Bornean Keeled Green Pit Viper - Tropidolaemus subannulatus | ©Bernard Dupont  (Gunung Mulu NP, Sarawak, Malaysia)

Tropidolaemus subannulatus (Viperidae), better known as Bornean Keeled Green Pit Viper, and North Philippine Temple Pitviper, is a venomous snake, with heat-sensing pits on the sides of the head. 

It is exclusively arboreal, occurring in Borneo, Sulawesi and many islands of the southern Philippines, however it is clear that the populations in the Philippines and Sulawesi are different species. Thus, Tropidolaemus subannulatus should really be considered as endemic to Borneo.

Juveniles and adult males have a vibrant green upperside and yellowish green belly, patterned with numerous thin, pale bicolored bars. Adult females tend to have a complex pattern comprising a ground colour of cream, with broken bluish, greenish or turquoise bands, and a thick stripe of the same colour on the sides of the head.


Made with Flickr

Temple viper / Tropidolaemus wagleri by Matthijs Kuijpers

Temple Viper - Tropidolaemus wagleri

Tropidolaemus wagleri (Viperidae), commonly known as Temple viper, Wagler’s pit viper, and Temple pit viper, is regarded as one of the most venomous pit viper species.

Temple viper is native to tropical Asia, widespread and often commonly encountered in Vietnam, Thailand, Malaysia, Singapore, and Indonesia.

Tropidolaemus wagleri is characterized by having a strong ontogenetic variation of the background body color: black (never green) in adult females, whereas males and juveniles retain a vividly green background color; and also a strong ontogenetic variation of the pattern: yellow crossbands around the body in adult females, white spots in adult and juvenile males, white crossbars in juvenile females.

The venom of the temple viper is a hemotoxin and can be fatal to humans.  A hemotoxin essentially attacks the red blood cells and can cause blod clots and destruction of the organs.

References: [1] - [2]

Photo credit: ©Methos Phang

Location: unknown.

Made with Flickr

MPE65 viper portrait…..IMG_8726 copy Tropidoleamus subannulatus by Kurt (Orionmystery) G
Via Flickr:
My third MPE65 snake shot :D. With the MP-E65, the maximum working distance is 4 inches (front of lens to subject) at the minimum magnification of 1:1. More tropical snakes and other herps here: <a href=“” rel=“nofollow”>…</a> The other two MPE65 snake shots are here: <a href=“” rel=“nofollow”>…</a> <i>Tropidoleamus subannulatus</i>, formerly a subspecies of wagleri but now has full species status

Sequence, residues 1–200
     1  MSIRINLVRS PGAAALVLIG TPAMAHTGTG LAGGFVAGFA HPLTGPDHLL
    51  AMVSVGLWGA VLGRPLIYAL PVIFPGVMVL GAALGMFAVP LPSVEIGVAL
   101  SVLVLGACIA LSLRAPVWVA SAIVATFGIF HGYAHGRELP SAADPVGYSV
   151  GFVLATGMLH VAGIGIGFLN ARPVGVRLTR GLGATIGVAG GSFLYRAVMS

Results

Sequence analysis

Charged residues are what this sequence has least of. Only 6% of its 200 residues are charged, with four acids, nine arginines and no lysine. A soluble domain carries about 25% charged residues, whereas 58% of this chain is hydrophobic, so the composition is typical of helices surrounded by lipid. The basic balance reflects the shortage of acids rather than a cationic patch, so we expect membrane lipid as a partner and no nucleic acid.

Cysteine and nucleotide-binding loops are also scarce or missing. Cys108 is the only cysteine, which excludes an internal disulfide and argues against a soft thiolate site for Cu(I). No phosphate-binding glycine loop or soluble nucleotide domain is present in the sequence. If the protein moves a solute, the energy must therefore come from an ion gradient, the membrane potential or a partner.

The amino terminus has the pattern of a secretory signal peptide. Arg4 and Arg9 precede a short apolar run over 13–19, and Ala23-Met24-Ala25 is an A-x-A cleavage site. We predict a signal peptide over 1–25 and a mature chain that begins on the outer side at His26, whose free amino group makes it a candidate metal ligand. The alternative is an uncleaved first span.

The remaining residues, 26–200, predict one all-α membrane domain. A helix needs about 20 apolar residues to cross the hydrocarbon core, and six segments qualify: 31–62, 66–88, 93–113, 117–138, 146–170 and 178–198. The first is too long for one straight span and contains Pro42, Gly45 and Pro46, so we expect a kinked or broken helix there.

Wagler’s Pit Viper (female) - Tropidolaemus wagleri

The Asian Tropidolaemus wagleri (Viperidae) is a widespread polytypic species complex with a complicated taxonomic history, a lengthy species synonymy list, and a geographic distribution encompassing Vietnam, Thailand, Malaysia, Singapore, Brunei, portions of Indonesia, and the Philippines.

These small to medium-sized (about 35–100 cm total length) snakes are remarkably diverse in color pattern. They are arboreal ambush predators with outstanding morphological features. Their venom contains neurotoxins called waglerins which are unique among snake venom toxins.

Snakes of this genus are used in ceremonial contexts and traditionally displayed in a Buddhist temple in Pulau Pinang, Malaysia, and consequently often referred to as Temple Pitvipers, or Wagler’s Pitvipers.

Reference: [1]

Photo credit: ©Gan CW | Locality: Central Catchment, Singapore (2012)

Made with Flickr

The Temple Viper - Trimesurus subannulatus (now Tropidolaemus walgeri)

The Temple Viper is so-called because of its abundance within the Temple of the Azure Cloud (aka “Snake Temple”), in Malaysia. Once thought to have numerous sub-species or to be different species altogether, there are numerous color and size variations of this snake, but genetic sequencing shows them to be a single species. 

This is a venomous snake, and a member of the arboreal Asiatic pit vipers (part of the subfamily Crotalinae). Like all pit vipers, they are able to sense body heat, and are ambush predators

While many of the snakes at the Snake Temple have been de-venomed (a less-harmful but still-invasive tactic than de-fanging a snake) to render them “safe”, there is a native population of temple vipers in the surrounding areas, and individuals from that population have come into the temple of their own accord, with venom fully intact. These native snakes (or skipped-over temple snakes) have been known to envenomate pilgrims to the temple on occasion.

Interestingly, as the Walgerins (venom proteins unique to this species) are so specialized to mouse neuroreceptors, they have a somewhat lessened effect upon humans - not that it’s recommended you play with these snakes. They’re still deadly, but the peptides within their venom are much more potent by volume against rodents than other animals.

Seriously though, don’t play with venomous snakes. They don’t want to be your friend.

Contributions to the Natural History of Labuan, and the adjacent Coasts of Borneo. James Motley and Lewis Llewellyn Dillwyn, 1855.